Where is Broncos quarterback Drew Lock on the learning curve? – NFL Nation
ENGLEWOOD, Colo. — As Denver Broncos quarterback Drew Lock continues his bumpy — as in really bumpy — ride on the learning curve, he’s finding that “baby throws” can be the grown-up thing to do, and some clichés have proven true.
In Sunday’s 20-13 win over the Miami Dolphins, Lock showed a little of everything: resilience, toughness and resourcefulness with no regard for style points, as well as carelessness with the ball, impatience in the pocket and spotty footwork that led to inaccurate throws.
Lock showed potential — again. He showed the work he has left to do — again.
“I hate this cliché line, ‘any given Sunday.’ Everyone says it, but it’s very true. It’s so true,” Lock said. “You go look at the last games these Dolphins have had, and you look at the last games we’ve had as an offense, and there’s no one that will come in here and tell you, ‘Oh, god, the Broncos are going to run away with this one. They’re definitely winning this game.’ No one is going to say that.
“You’ve got to learn what you need to from the last week and come into this week ready to go.”
Learning is paramount for a player such as Lock, though his developmental dynamics are skewed a bit. He has yet to go through an entire offseason schedule as the team’s starting quarterback. Before Lock’s rookie season, Joe Flacco was declared the team’s starter when he arrived in March, and Lock spent the offseason taking fewer reps before a thumb injury on his right (throwing) hand kept him from practicing until November. This year, the Broncos’ on-field work in the offseason was wiped away by COVID-19. Shoulder and rib injuries since have also cost Lock practice time.
But there’s plenty of potential, and a quarterback such as Josh Allen of the Buffalo Bills demonstrates that improvement can be made. Allen, a multisport athlete who did not “specialize” in football as a young player, has — through his own work — gone from a 52.8% passer as a rookie to a 58.8% passer in Year 2 to a 68.4% passer this season. His interceptions have gone from 12 to nine to seven.
On the flip side is a quarterback such as former Broncos first-round pick Paxton Lynch, who didn’t show much, if any, improvement in his three offseasons with the team.
Lock made his 13th career start Sunday, still short of a full season’s worth of data. The Broncos are 7-6 in those games, including 3-5 this season, with four of the losses to teams that are a combined 32-8 (Titans, Steelers, Chiefs and Raiders). Lock threw just four passes against the Steelers in Week 2 before suffering a right shoulder injury that kept him out of games against the Buccaneers and Jets.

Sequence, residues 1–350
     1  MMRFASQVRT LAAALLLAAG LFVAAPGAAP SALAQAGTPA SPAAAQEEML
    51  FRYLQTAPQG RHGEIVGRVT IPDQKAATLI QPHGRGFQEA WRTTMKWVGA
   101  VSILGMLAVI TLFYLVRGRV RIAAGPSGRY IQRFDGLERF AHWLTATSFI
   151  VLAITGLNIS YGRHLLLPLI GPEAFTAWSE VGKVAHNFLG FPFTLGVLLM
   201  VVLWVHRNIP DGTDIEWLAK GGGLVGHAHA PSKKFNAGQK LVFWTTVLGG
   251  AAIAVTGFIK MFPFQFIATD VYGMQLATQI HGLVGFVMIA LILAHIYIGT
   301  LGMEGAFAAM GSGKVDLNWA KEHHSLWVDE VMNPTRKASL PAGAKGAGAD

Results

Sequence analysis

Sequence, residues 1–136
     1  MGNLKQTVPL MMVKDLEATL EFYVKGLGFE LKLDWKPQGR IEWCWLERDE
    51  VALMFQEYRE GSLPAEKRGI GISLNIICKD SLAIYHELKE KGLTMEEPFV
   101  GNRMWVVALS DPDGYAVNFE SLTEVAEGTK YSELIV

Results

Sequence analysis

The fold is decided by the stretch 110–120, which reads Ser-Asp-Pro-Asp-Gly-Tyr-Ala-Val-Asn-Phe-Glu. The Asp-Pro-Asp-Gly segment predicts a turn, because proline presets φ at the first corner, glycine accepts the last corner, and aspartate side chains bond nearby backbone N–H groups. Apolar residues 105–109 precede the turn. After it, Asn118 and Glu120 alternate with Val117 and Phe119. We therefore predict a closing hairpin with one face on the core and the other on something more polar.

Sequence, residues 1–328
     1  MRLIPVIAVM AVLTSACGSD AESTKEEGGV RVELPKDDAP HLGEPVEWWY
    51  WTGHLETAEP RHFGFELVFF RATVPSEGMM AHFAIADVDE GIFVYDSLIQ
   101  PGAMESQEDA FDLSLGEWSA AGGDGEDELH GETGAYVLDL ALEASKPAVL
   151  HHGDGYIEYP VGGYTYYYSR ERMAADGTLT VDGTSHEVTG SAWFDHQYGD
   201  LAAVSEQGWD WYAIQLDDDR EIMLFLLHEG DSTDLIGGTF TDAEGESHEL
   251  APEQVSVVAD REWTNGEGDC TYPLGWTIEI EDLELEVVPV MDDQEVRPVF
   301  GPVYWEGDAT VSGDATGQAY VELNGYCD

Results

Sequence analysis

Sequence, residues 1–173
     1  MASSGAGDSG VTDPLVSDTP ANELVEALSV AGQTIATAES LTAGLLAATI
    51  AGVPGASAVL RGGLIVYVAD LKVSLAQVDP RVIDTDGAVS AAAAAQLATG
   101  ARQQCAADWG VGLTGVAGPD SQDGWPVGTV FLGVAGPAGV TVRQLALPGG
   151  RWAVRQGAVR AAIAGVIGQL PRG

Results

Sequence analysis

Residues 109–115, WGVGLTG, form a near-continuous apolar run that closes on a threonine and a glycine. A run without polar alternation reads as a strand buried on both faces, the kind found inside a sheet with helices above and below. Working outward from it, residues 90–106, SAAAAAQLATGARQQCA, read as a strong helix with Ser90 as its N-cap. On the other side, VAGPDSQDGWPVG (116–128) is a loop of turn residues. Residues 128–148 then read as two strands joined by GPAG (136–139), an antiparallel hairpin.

Lock’s passer rating (67.5) is better than only that of the Jets’ Sam Darnold, largely a factor of his 55.6% completion rate (last among NFL starters), and all 11 of his interceptions have come since his Week 5 return from shoulder injury. But despite his struggles, those around Lock say he has the resilience needed to play the position.
“I just feel like, as a quarterback, you have to be able to have that mindset to where nothing can get to you,” Broncos running back Melvin Gordon said. “You have to go out there and just make a play. When everyone is against you, you have to understand and know that your teammates are with you, and that’s really the only opinion that matters. He probably ran across some things and probably heard some things, but good quarterbacks block that out and do what needs to be done.”
Lock showed that on Sunday, when his second pass attempt was intercepted on another ill-advised decision that ended with a poorly placed ball. He gathered himself after the play — with the help of bulked up formations that allowed the Broncos to run the ball more effectively — and completed nine of 11 passes in the second half.
“Drew comes back from bad plays,” Broncos coach Vic Fangio said. “I think that’s one of his good qualities. I don’t think he lets it linger and has a hangover from it.”
Lock’s future depends on whether he is willing to put in the work and consistently clean up his footwork (see his overthrow of tight end Troy Fumagalli on Sunday on what should have been an easy, move-the-ball completion), as well his willingness to take the “baby throws,” the short completions that can be an investment for bigger plays later in a game. That, and managing the swirl of criticism he’ll receive until he figures things out.
“This game is about wining, and it’s about losing. When you win, everyone loves you, and when you lose, it just comes with the job, especially at quarterback,” Gordon said. “For him to come out here and be resilient and do what he needs to do to help this team and lead after he took so much heat last week, it just shows what type of player he is.”